He’s been compared to Nureyev. On “So You Think You Can Dance,” Nigel Lythgoe called him one of the greatest dancers in the world today. And long before Misty Copeland, Desmond Richardson was the first black principal dancer for American Ballet Theatre. (Until Gwen Verdon snatched him away to join Fosse on Broadway.) He has performed with Alvin Ailey and William Forsythe and in 1994 co-founded Complexions Contemporary Ballet with Dwight Rhoden.
At 47, Richardson no longer performs regularly with Complexions but has instead taken on an educational role for the company, which plans to relocate to Atlanta this spring. In a phone conversation (an edited version appears below), he spoke of “giving over to his students” what it takes to achieve the kind of performance quality he is known for—dramatic, precise energy as concentrated as a coiled spring. Yet that term “performance quality” is maddeningly difficult to pin down in terms of pedagogy. Solid technique, yes. Musicality, yes. But also more. To spend time in the presence of Richardson himself—one of the benefits of the proposed Complexions Contemporary Ballet Academy—might just be the best way for his students to learn. —Karen Hildebrand
Dance Teacher: Since the announcement in 2013 that you would do only select shows with Complexions, you’ve been all over the place: ballet competition juror, dance competition director, convention faculty, event host, movie actor—not to mention performing eight shows a week for the Broadway run of After Midnight. And this fall (2015) you’re a guest artist with the new Glorya Kaufman School of Dance at University of Southern California. Would it be wrong to say that you’re still looking for your place in the next stage of your career?
Desmond Richardson: [laughs] I will say that as I mature, there are many things I see that I need to put my hand in. I’ve always seen myself not only as a dancer but a person who is a performer who can do many things. I’m just on the road of exploration at this moment.
Which of the many new roles you’ve been exploring gives you the most pleasure?
Giving back. Teaching. I absolutely love watching students have that revelation of “Oh, I understand that.” I had a student who said, “I found why I’m dancing because of something you said. You said, ‘Your technique liberates you. It doesn’t impede your process.’ For a long time I thought I had to be perfect.” And sure, we so want your technique to be in the proper place because it does fuel absolutely everything. But if you don’t put your heart, humanity, soul and passion in it, then we’re just looking at steps. And it’s not interesting.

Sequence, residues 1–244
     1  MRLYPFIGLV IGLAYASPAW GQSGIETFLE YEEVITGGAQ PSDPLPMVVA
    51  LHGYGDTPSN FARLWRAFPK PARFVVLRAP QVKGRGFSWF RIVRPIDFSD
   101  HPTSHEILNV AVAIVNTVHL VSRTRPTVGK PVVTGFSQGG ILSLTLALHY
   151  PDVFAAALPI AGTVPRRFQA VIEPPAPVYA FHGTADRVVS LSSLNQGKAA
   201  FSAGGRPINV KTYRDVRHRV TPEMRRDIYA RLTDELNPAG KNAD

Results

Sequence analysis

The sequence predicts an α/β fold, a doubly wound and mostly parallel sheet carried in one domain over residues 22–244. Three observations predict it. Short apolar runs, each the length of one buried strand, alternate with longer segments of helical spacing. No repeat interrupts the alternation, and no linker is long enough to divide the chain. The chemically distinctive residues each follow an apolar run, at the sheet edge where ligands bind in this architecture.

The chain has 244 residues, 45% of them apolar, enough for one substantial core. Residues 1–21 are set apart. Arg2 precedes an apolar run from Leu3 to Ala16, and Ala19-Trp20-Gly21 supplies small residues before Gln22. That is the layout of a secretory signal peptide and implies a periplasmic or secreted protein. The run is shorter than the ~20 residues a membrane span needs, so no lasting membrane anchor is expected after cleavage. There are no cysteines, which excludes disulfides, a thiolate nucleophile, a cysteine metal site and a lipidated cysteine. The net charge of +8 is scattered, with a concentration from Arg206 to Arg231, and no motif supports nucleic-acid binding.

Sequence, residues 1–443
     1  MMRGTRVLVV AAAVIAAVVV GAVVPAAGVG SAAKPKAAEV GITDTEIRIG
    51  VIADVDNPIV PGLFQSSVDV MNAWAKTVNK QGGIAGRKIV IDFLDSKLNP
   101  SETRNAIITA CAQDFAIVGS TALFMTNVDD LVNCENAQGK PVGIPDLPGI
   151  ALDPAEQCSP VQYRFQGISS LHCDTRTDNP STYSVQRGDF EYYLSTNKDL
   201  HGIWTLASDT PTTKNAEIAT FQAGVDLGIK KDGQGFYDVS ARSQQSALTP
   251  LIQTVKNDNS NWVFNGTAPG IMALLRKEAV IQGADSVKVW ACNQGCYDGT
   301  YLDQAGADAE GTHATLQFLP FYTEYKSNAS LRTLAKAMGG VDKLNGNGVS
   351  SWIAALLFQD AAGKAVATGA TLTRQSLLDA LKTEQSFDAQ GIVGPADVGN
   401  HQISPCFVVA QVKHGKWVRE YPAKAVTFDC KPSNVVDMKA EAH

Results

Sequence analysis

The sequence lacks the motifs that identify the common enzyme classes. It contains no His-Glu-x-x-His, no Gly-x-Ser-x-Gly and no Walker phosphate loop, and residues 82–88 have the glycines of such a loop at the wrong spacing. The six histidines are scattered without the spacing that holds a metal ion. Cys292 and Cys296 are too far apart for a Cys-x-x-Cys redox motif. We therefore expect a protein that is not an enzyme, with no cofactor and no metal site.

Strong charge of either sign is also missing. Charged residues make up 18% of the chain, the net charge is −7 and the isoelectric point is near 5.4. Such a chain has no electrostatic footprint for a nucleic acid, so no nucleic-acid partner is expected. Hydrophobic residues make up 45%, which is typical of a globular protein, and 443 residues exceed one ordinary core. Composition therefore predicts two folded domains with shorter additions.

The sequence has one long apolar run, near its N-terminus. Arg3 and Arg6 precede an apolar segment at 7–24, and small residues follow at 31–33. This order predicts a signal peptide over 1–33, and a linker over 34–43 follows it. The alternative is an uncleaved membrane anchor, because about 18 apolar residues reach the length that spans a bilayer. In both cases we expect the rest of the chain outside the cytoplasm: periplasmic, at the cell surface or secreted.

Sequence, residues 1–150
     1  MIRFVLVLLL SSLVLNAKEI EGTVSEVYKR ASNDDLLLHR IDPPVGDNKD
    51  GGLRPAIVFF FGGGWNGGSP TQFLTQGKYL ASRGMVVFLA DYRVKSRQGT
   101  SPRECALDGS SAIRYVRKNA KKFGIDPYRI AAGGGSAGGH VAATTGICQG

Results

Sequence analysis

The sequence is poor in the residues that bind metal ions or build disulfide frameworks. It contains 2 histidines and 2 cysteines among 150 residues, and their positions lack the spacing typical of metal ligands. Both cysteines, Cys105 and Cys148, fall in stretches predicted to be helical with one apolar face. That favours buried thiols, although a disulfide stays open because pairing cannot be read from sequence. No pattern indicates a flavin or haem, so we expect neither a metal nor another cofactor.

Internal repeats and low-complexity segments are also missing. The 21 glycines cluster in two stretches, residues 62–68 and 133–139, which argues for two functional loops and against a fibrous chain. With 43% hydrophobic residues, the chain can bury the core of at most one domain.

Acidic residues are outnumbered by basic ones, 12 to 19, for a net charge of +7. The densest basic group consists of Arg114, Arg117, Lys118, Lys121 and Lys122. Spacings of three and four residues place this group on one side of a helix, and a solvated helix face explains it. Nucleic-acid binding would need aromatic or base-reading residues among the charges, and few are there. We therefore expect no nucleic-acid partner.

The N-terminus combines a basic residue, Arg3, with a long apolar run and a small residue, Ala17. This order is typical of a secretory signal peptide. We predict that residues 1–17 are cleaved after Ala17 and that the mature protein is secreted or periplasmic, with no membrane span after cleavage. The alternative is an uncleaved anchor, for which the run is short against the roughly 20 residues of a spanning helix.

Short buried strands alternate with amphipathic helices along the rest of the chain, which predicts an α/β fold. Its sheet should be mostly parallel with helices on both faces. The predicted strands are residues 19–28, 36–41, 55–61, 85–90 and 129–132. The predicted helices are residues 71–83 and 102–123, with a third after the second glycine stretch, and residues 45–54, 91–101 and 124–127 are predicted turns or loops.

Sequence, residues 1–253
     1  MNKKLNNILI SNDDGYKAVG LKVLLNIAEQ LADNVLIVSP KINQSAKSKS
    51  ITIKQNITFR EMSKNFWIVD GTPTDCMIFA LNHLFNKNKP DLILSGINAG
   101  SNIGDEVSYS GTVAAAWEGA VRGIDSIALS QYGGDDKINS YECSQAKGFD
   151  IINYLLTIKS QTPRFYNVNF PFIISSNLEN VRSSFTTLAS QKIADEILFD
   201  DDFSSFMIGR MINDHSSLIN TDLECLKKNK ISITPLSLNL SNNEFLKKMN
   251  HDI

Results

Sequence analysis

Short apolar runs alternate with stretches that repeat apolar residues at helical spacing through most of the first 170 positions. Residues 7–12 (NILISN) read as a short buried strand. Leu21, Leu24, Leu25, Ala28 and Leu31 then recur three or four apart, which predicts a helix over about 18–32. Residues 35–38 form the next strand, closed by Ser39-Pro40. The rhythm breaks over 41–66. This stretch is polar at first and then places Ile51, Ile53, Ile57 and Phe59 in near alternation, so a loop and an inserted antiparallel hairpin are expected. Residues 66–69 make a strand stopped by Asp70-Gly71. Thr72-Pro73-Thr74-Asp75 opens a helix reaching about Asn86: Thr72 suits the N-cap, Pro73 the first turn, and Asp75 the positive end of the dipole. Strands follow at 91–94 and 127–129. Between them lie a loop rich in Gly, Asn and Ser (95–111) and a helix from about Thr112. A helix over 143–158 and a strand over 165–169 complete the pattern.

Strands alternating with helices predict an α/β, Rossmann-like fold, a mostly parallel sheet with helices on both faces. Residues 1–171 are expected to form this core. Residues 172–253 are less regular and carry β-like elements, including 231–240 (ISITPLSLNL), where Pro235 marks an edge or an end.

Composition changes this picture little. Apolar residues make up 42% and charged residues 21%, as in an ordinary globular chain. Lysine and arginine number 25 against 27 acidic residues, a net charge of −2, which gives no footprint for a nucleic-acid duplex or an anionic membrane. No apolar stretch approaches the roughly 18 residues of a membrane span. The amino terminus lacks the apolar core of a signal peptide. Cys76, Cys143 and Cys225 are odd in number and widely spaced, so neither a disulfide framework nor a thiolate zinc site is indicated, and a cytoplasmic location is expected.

The different settings—master classes, conventions, your company’s summer intensive—all require a different approach as a teacher. How do you address that?
In the conventions I realized that I’m watching a lot of kids train only for what they’re actually to perform. So when I say sous-sus or coupé, they don’t really know what that is. When I am at these conventions, I try to give that information to them, yet still make it fun, because I know that’s what it’s about, too.
Just because a dancer is a great performer doesn’t mean they’ll be a great teacher. How did you learn to teach what you’ve clearly embodied so well?
My teachers gave me information on how to teach while I was learning: Robert Christopher, Walter Raines, Mel Tomlinson, Penny Frank, Alvin Ailey, Denise Jefferson. I’m super-passionate about it, and I want to encourage and invigorate and inspire. There’s no big secret to it. I just do it. I’m definitely cognizant of what I’m saying, how I’m saying it. How can I be encouraging—yet demanding, challenging, and let them find their way?
What is your biggest challenge as a teacher?